Liability insurance policies, including the ubiquitous commercial general liability (CGL) policy, provide benefits in the form of both coverage for money the insured is legally obligated to pay as covered damages (the duty to indemnify) and, separately, the costs to defend litigation seeking those damages (the duty to defend). The latter of these benefits is broader than the former and is often referred to as “litigation insurance.” That is, even if the claim against the insured is arguably not covered by the policy, as long as the insurance policy conceivably covers the allegations in the underlying complaint, the duty to defend is triggered. Woo v. Fireman’s Fund Ins. Co., 164 P.3d 454, 459 (Wash. 2007). “Conceivably” is a very low threshold and one that is quite easy to reach. Capitol Specialty Ins. Corp. v. Beach Eatery & Surf Bar, LLC, 36 F. Supp. 3d 1026, 1034 (E.D. Wash. 2014). 

This “litigation insurance” aspect of the CGL and other liability policies is a valuable benefit for policyholders, especially the small “mom and pop” business owner, for whom the ability to finance litigation on their own may be limited or nonexistent. But this valuable policy benefit is in jeopardy of being taken away by a new policy endorsement that gives insurance companies the right to assert a claim for reimbursement of defense costs against their policy holders. This is the defense cost reimbursement endorsement in use in Washington:

“WASHINGTON CHANGES – DEFENSE COSTS”

The following applies to any provision in this Policy, or in any endorsement attached to this Policy that sets forth a duty to defend:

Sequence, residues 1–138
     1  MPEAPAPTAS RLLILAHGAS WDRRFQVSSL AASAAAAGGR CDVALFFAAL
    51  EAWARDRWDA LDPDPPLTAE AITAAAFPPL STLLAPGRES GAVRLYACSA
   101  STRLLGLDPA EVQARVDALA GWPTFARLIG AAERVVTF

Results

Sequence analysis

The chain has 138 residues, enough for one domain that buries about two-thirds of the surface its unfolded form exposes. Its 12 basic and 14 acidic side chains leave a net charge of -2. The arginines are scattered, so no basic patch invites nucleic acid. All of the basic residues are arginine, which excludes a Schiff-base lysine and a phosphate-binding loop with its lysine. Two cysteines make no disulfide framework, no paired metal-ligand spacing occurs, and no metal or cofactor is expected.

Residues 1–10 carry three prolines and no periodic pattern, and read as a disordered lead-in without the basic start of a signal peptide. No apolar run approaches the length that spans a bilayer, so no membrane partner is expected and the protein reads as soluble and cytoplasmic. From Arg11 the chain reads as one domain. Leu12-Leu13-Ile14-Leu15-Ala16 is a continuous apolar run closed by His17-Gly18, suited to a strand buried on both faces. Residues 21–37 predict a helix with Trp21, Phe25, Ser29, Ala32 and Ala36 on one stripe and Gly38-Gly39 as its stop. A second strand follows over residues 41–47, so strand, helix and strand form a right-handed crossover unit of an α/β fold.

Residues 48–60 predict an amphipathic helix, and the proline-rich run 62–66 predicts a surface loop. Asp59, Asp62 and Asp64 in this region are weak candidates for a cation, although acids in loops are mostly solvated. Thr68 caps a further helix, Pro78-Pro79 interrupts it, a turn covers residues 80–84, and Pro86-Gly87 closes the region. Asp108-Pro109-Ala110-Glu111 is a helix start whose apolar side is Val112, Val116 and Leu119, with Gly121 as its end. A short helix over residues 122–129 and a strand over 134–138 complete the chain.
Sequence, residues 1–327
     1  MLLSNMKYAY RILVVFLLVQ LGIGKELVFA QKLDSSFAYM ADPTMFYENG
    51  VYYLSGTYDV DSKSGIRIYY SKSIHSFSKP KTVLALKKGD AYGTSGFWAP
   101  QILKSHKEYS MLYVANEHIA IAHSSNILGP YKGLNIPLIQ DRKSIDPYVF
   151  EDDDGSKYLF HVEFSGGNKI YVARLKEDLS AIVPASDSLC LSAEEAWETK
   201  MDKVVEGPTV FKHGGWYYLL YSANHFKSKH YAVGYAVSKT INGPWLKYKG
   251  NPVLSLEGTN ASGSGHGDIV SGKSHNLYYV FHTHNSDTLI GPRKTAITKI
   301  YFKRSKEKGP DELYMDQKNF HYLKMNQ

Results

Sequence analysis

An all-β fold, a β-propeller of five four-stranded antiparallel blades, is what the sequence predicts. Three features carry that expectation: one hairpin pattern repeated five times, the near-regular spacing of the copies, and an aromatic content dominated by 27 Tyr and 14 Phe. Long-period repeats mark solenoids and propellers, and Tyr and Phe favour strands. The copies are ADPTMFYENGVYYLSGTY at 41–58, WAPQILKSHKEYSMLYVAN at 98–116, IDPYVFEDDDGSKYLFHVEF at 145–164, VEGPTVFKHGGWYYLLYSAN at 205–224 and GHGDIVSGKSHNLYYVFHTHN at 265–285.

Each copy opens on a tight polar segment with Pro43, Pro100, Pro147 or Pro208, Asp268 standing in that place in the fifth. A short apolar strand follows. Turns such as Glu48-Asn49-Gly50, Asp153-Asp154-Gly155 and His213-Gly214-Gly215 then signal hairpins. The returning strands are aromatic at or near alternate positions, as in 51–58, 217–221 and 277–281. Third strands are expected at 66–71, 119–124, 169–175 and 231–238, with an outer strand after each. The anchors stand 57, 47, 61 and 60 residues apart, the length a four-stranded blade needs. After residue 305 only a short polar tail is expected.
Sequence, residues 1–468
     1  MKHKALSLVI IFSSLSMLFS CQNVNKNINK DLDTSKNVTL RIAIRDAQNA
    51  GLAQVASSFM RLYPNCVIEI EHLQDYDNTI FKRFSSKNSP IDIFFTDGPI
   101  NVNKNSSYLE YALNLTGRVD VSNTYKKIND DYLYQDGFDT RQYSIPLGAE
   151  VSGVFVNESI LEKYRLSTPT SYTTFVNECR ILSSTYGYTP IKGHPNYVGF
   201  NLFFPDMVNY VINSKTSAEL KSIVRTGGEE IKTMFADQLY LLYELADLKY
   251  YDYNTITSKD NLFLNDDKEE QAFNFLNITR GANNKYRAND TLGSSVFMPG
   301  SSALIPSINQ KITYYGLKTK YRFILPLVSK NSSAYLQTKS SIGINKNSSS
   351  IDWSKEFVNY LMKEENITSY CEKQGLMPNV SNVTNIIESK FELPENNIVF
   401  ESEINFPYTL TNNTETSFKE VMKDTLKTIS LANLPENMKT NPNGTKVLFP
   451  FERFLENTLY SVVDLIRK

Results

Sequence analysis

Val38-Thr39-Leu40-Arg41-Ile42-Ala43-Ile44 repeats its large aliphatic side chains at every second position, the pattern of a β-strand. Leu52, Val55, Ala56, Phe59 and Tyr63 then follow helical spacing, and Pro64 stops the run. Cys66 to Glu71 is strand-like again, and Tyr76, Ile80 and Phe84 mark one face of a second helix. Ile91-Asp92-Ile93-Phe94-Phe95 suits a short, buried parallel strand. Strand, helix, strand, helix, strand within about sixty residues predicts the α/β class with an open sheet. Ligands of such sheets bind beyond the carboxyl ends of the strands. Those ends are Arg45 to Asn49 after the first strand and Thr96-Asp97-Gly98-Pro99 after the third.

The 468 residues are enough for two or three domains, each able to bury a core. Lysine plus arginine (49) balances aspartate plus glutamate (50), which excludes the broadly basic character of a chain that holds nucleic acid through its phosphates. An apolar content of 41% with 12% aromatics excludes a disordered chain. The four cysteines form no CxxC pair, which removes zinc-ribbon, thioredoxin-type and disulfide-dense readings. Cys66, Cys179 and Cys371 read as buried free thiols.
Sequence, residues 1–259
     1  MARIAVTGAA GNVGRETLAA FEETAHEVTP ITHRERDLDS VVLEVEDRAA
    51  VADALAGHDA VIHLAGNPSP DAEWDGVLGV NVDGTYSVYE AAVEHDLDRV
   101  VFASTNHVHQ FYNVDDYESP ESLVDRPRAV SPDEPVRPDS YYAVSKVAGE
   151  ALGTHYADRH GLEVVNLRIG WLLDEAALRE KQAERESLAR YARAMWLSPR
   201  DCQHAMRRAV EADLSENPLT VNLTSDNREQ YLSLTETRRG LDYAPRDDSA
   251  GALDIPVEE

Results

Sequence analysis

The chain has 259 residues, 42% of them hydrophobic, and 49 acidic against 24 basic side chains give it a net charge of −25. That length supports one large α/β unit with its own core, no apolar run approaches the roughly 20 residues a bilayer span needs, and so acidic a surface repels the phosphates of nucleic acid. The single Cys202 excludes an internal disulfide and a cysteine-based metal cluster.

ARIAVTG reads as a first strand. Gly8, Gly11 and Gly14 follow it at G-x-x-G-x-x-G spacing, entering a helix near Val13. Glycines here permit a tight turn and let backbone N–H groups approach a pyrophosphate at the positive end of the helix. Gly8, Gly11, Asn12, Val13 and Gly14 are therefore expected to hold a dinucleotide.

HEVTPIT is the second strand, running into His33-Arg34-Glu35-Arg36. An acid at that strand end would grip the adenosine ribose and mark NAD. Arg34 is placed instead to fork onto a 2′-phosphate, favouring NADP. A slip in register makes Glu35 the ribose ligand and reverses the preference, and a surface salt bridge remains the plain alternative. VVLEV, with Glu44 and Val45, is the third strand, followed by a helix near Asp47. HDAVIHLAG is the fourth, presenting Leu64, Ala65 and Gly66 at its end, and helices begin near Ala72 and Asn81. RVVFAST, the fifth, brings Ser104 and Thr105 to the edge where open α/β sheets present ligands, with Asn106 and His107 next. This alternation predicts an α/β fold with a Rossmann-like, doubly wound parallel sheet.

If we initially defend and insured or pay for an insured’s defense but later determine that none of the claims, for which we provided a defense or defense costs, are covered under this insurance, we have the right to reimbursement for the defense costs we have incurred.

The right to reimbursement under this provision will only apply to the costs we have incurred after we notify you in writing that there may not be coverage and that we are reserving our rights to terminate the defense or the payment of defense costs and to seek reimbursement for defense costs.

The United States District Court for the Western District of Washington recently upheld the validity of this endorsement in a published opinion: Massachusetts Bay Insurance Company v. Walflor Industries, __ F.Supp.3d __, 2019 WL 1651659 (April 17, 2019). After the court issued its decision, the policyholder moved for reconsideration, and the court asked the Insurer to respond to the motion. But while reconsideration was underway, the parties settled the case when the insurer agreed to waive most of its reimbursement claim. 

Yet the decision will likely embolden insurers to issue the reimbursement endorsement, if they haven’t already, and to act more aggressively in seeking reimbursement. Plainly, the reimbursement endorsement is an in terrorem device insurers can and will wield against their policyholders to dissuade tendering claims for defense. The Washington Supreme Court should have an opportunity to rule on the validity of the endorsement. But because most coverage litigation occurs in federal court, that ruling may prove elusive unless federal judges are willing to certify the issue to the Washington Supreme Court.